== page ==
Linear tensioners are most often applied where the compensation for wear is required in small increments, such as with hard metal-tipped cleaners located in the secondary cleaning position or with brush cleaners. The basic tensioner design approach is typically a carriage that constrains the support frame but allows linear movement along a guide or guides roughly perpendicular to the belt surface, with the support frame and blade design providing the cleaning angle. Some designs incorporate a relief ability for impact by splices or belt defects.

The advantages of linear tensioners include: 1) simple in design; 2) can be engineered to one setting for full blade wear; 3) access windows are easily incorporated within the mounting footprint; 4) can accommodate actuator deflection scales for accurate adjustment of cleaning pressure and; 5) delivers the ability to adjust for uneven mounting positions or asymmetrical blade wear.

The disadvantages of linear tensioners include: 1) the tensioner footprint can be large, restricting options for ideal belt cleaner installation; 2) there must be access to the far side for adjustment; 3) the guide mechanisms are subject to fouling from dust and corrosion; and 4) changing from bottom adjustment to top adjustment or providing for adjustment from one side complicates the tensioner design.

Rotary tensioners

Rotary tensioners utilising an actuator are principally designed using a lever arm or an elastomeric element that is concentric with the belt cleaner support shaft. They apply a blade-to-belt contact surface determined by the actuating force and linkage geometry. The energy source delivers a force to the lever arm which rotates the shaft and forces the belt cleaner blade(s) against the belt surface. Rotary designs tend to be compact and, in most cases, the actuator(s) can be mounted at any orientation, which provides options for installing the belt cleaner in the optimum position.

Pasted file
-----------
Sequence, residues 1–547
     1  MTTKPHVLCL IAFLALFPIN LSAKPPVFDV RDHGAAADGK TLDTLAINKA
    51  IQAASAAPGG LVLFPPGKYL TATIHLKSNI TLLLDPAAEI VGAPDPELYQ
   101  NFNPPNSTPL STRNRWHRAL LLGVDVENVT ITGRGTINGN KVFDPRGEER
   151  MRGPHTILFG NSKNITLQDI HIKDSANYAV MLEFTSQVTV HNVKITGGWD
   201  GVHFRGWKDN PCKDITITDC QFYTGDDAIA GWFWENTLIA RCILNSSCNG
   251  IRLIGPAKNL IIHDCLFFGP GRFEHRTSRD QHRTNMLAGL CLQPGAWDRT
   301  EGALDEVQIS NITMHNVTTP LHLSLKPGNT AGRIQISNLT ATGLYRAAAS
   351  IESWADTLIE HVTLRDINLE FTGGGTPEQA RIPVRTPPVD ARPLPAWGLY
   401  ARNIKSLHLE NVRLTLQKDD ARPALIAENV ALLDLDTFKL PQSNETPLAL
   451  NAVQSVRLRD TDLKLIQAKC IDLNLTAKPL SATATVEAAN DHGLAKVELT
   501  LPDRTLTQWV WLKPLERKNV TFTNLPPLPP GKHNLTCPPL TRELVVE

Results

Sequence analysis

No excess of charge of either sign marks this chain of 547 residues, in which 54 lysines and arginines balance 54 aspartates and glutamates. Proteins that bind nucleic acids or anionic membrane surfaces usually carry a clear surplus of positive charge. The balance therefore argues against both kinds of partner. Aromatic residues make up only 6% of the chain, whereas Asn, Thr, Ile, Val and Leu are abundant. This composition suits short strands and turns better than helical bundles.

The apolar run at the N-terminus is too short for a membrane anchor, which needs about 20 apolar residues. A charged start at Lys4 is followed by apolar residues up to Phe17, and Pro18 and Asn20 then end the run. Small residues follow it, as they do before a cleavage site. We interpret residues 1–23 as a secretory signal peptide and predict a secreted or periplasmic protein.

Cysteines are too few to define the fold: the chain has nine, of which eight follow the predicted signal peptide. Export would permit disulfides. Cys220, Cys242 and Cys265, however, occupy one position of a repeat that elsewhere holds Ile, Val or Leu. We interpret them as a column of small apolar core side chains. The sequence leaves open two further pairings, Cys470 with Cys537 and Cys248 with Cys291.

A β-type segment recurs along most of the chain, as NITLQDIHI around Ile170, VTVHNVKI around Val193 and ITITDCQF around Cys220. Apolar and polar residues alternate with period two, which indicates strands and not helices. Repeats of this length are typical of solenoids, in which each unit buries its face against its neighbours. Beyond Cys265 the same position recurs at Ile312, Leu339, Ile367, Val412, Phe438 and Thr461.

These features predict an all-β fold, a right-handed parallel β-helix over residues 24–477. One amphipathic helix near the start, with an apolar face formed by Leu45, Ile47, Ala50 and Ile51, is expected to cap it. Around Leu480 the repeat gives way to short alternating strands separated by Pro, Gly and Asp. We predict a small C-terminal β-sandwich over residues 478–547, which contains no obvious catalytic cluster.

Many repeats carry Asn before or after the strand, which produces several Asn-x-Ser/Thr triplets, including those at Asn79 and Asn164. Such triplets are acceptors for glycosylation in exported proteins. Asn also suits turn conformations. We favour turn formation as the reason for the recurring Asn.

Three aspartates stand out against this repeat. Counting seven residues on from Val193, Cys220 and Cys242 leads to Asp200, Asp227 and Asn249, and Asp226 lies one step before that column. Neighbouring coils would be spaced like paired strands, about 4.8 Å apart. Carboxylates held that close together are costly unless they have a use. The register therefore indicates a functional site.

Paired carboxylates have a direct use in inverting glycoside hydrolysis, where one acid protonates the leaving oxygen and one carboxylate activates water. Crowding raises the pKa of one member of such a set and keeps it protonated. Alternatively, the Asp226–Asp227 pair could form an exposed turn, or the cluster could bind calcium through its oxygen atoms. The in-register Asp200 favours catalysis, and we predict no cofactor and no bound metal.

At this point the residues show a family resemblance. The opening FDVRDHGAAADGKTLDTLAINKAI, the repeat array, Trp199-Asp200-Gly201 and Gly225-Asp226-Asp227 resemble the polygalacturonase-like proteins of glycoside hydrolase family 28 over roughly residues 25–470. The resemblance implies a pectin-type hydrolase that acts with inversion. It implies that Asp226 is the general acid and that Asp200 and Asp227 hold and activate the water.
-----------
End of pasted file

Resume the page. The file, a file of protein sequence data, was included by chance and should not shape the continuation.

Counterweight tensioner

At one time the most common rotary tensioner was a counterweighted lever arm, with its position adjusted to apply the design cleaning force to a blade or blades that contact the belt. A counterweight can be mounted on one end of the shaft or both. Usually, the initial installation would have the arm angle set so that at the midpoint of the blade wear the arm would be horizontal, thus roughly averaging the design cleaning force over the life of the blade (Figure 4).

Figure 4 – Typical counterweight tensioner

The primary advantage of the counterweight design is that it is self-adjusting by gravity. The disadvantages of the counterweight design are: 1) the lack of damping which allows the blade and therefore the weight to bounce when struck by a splice, strongly adhered material, like ice or a defect in the belt. The unexpected movement of the counterweight can represent a safety hazard and uncontrolled bouncing can result in belt top cover damage; 2) the counterweight tensioner takes a significant amount of space; and 3) if the counterweight arm cannot be mounted horizontally there is a reduction in the force applied to the blade, because the effective lever arm is shortened.

Rotary lever arm and actuator tensioners

Rotary adjustment of the belt cleaning blade can be accomplished in several ways. The support frame is almost always in a fixed location but free to rotate. The required tensioning forces can be applied by many types of actuators, such as: springs, fluid cylinders, electric actuators or from torque stored in an elastomeric element. Rotary tensioners are often used with elastomeric blades, where the change in blade height and thickness as it wears is significant (Figure 5).

Figure 5 – Rotary tensioner types